Devicescape’s “Coverage Continuity” allows mobile service providers to use the Devicescape Curated Virtual Network (CVN) of amenity Wi-Fi locations to keep smartphone users connected.

That is yet another example of movement–even before fifth generation mobile networks–towards managed “access any network” capabilities that connect mobile devices and users to the best available network.

That strategy, already used by mobile service providers (incumbent and attackers) is bound to become more important, in part because more phones can “mix and match” access, because there is more Wi-Fi available, because the economics of the mobile business benefit from offloading traffic to Wi-Fi and because new competitors (especially cable TV operators) plan to rely on Wi-Fi access.

Coverage Continuity also identifies and reports on locations where end users experience connectivity problems, allowing operators to more effectively prioritize network optimization investments.

Network performance analysis conducted by Devicescape at a wide range of public indoor locations across 15 different countries shows that 4G/LTE signals often degrade rapidly as devices move indoors, leaving users without service or with a lower-performing 3G signal. At the same time, amenity Wi-Fi is frequently available, offering a connection consistent with the high quality 4G/LTE signal typically available outdoors.

Coverage Continuity monitors any degradation in cellular connectivity and switches the device to CVN Wi-Fi automatically, ensuring the user’s connectivity experience does not suffer.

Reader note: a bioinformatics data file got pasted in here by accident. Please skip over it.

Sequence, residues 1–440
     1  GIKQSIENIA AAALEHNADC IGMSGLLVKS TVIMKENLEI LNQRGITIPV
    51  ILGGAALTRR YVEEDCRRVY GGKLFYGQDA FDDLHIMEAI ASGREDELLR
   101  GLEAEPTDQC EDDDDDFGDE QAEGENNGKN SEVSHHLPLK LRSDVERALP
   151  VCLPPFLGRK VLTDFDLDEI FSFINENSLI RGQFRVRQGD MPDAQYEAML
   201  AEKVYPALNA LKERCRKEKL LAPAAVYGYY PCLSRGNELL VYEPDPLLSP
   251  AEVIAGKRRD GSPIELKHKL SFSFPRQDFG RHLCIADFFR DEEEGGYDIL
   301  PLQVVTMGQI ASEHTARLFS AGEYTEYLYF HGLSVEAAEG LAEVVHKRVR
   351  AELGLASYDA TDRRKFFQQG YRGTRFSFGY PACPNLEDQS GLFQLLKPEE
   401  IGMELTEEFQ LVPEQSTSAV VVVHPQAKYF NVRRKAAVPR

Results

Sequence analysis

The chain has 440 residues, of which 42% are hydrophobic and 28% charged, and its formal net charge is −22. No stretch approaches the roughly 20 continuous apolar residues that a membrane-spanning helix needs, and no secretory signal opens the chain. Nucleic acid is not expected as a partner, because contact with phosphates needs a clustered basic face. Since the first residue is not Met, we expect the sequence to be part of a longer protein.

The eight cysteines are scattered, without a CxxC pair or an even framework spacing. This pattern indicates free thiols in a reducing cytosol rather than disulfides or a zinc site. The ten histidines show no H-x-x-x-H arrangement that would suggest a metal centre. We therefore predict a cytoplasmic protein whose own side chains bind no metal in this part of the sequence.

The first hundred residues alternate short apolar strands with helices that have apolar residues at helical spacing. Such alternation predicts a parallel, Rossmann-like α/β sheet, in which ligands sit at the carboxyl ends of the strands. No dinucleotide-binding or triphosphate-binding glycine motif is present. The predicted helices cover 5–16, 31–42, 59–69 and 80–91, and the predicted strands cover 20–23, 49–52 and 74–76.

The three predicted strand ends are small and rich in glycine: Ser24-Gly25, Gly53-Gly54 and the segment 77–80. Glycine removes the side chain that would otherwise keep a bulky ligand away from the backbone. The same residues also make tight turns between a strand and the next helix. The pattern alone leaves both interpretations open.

According to Devicescape research, in the United States,, amenity Wi-Fi is available in 99 percent of airports; 95 percent of hotels; 71 percent of stadiums/convention centers; 72 percent of museums; 68 percent of cafes/bars; and 69 percent of fast food establishments.

Globally, Wi-Fi accounted for 80 percent of mobile and tablet data consumption, compared to data consumed on the mobile networks, at 20 percent, according to a new Mobidia report.

That explains the wide gap between reported “mobile data consumption” and actual end user data consumption on their smartphones.

Globally, smartphone and tablet users used in excess of 10 GB of data in December 2014, according to Ovum, up from about seven gigabytes in January 2014. That represents a 51 percent growth rate.

Apple iOS tablet users consumed about 12 GB, while Android tablet users consumed about nine gigabytes in December 2014, Ovum says.

Apple iOS smartphone users consumed an average of about 11 GB of data in December 2014, just ahead of Android smartphone users with 10 GB. Consumers on Long Term Evolutin networks consumed even more data.

By December 2014, 4G Android smartphone users consumed 13 GB each month, dramatically higher than the 5GB/user/month of 3G Android smartphone users that month.

Wi-Fi has cemented its position as the dominant wireless access technology, with cellular playing a vital yet supporting role, Mobidia says, based on the results of a study conducted for Mobidia by Ovum.